And that was what we did over our summer.

Posted in: Notes From the Field, Stories about people, Stories about stuff

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Make.Shift Art Space: unscrewing up a gallery and studio spaces

Gallery space at Make.Shift

Gallery space at Make.Shift

The 40’s-era building at Grant and Flora streets has seen better days. Originally a milk processing plant, the building has been reincarnated and remodeled many times over, most notably as a law office in the 1970s. Since Bellingham nonprofit Make.Shift took over the artist collective at 306 Flora in summer 2011, volunteers and licensed contractors have been renovating continuously. They like to call it, “un-screwing up” the building.

Studios - during and after the remodel

Art studios - during and after the remodel, with reclaimed lumber, doors, windows and salvaged tin paneling - click for enlargement

While building six new music studios in the collective’s basement, the group chose 1920’s-era 40″ doors salvaged by The RE Store from McDonald Elementary School. A half dozen quirky salvaged light fixtures throughout the art space illuminate the creative hub. The upstairs art gallery is painted with remanufactured recycled Metro latex paint from The RE Store.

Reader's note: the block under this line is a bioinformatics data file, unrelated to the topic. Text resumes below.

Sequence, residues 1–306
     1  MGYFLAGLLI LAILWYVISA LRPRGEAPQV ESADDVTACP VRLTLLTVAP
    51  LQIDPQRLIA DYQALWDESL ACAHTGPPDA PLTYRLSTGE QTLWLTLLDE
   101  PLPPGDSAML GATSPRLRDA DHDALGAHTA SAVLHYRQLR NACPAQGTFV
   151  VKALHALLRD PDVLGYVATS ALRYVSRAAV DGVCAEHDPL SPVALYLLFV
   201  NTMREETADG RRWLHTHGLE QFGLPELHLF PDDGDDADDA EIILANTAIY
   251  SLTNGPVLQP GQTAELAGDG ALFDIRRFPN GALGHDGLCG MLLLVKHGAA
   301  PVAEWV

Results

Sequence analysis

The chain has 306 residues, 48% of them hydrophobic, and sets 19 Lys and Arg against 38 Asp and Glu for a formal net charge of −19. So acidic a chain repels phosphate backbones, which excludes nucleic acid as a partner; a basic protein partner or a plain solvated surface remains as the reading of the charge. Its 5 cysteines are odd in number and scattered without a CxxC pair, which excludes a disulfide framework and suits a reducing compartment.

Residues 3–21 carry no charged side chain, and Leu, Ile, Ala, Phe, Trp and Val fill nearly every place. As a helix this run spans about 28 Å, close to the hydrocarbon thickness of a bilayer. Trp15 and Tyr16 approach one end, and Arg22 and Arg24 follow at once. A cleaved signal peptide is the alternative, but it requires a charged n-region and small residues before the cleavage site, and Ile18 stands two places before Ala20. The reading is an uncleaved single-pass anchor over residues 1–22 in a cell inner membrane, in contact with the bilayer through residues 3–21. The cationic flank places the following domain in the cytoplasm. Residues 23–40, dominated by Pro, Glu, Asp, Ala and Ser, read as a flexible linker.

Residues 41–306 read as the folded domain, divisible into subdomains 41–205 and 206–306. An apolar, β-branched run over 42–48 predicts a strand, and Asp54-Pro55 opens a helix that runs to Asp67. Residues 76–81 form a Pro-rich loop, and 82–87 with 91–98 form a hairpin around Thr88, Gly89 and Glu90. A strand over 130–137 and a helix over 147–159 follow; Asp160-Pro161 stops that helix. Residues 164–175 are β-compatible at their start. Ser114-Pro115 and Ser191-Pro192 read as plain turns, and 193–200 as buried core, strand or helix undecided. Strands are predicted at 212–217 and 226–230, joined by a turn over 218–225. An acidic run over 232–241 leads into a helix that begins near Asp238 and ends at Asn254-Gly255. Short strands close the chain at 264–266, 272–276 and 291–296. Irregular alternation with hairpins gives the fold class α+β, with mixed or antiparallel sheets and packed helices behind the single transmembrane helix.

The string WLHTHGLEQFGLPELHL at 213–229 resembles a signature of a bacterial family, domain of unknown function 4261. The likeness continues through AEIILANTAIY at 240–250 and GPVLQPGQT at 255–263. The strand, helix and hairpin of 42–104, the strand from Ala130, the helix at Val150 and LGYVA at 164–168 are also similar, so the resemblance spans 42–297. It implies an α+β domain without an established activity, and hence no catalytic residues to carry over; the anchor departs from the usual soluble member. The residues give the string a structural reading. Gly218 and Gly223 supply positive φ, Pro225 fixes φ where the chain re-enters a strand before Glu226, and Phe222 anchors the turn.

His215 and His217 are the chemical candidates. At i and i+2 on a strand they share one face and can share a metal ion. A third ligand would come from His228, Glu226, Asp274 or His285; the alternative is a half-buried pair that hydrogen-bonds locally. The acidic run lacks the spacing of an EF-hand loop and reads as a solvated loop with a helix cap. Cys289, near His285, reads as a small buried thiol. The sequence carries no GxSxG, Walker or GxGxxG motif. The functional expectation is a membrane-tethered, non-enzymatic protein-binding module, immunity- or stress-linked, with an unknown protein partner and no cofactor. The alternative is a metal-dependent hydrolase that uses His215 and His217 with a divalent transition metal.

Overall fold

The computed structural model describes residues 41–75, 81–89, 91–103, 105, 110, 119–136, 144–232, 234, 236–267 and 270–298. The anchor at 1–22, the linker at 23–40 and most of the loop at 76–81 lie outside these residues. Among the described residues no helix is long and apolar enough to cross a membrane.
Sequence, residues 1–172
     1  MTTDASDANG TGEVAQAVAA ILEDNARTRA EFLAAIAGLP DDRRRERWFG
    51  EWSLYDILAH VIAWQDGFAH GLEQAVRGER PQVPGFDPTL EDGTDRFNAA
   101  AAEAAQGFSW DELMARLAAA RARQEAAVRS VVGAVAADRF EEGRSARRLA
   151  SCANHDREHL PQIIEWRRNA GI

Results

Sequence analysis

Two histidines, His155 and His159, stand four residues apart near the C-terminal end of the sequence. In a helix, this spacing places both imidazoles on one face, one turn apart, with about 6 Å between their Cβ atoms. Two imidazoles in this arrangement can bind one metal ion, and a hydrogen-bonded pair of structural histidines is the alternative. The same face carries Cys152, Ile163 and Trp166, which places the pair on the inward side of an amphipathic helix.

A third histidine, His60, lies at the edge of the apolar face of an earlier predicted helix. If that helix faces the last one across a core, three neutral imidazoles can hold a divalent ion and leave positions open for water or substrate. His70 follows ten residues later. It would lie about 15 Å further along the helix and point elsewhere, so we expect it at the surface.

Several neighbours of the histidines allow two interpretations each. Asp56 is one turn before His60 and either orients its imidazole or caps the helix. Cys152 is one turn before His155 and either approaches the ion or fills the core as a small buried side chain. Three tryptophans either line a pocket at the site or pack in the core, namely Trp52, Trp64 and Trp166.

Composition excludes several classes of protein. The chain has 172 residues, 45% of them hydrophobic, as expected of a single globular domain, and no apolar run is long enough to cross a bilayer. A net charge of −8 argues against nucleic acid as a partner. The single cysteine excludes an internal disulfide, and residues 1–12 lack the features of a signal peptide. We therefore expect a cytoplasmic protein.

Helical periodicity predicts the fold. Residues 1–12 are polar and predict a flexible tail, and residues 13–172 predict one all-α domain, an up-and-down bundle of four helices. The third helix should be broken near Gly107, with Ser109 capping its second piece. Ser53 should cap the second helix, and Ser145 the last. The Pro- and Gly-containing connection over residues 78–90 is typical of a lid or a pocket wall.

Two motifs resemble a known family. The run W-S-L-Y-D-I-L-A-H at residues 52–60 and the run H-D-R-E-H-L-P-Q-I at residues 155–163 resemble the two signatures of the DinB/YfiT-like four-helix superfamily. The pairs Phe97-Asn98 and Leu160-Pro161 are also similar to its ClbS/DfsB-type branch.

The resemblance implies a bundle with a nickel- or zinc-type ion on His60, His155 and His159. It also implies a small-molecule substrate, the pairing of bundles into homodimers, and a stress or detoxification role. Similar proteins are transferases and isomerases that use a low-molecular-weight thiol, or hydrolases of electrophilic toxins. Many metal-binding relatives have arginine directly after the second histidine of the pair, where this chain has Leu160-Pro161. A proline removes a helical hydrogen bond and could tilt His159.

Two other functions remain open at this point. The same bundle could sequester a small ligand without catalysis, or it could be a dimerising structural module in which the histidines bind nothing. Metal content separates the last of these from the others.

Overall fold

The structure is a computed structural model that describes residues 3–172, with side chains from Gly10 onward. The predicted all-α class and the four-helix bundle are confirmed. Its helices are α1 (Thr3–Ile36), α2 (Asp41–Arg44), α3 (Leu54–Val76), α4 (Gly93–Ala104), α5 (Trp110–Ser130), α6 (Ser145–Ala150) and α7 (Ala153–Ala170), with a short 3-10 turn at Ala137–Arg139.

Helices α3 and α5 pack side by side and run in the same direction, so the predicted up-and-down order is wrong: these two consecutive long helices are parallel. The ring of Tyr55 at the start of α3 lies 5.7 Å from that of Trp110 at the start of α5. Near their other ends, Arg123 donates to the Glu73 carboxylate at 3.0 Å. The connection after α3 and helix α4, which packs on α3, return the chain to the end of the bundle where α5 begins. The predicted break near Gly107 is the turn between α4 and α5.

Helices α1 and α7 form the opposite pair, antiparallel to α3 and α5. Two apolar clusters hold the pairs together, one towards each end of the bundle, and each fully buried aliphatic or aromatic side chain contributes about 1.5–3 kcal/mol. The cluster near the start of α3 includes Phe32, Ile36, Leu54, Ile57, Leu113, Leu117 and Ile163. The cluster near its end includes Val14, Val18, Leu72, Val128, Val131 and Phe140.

Many desks, tables, shelves and other furniture items from The RE Store have found new homes at Make.Shift. “Without The RE Store, we wouldn’t have been able to complete half of the projects we’ve taken on at Make.Shift Art Space,” said Make.Shift director Cat Sieh.

Phone booth and studio space

Phone booth and studio space

The group’s most recent project was the construction of three new basement artist studios. All three studios were built from 90% recycled/repurposed materials. Make.Shift repurposed cedar fence posts and tin warehouse roofing as siding, used old single-pane windows to keep the basement nice and bright, and framed all of the studios with reclaimed lumber.

“We’re so grateful to have The RE Store as a sponsor,” Cat said. “Using their materials has saved us money, and allowed us to source materials locally and sustainably. ”

If your group has a need for materials or gift certificates for fundraising events, please contact The RE Store with your request.

Posted in: RE Store Rockstar Project, Stories about people, Stories about stuff, You can do it yourself

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McDonald Elementary Salvage Treasures Come to The RE Store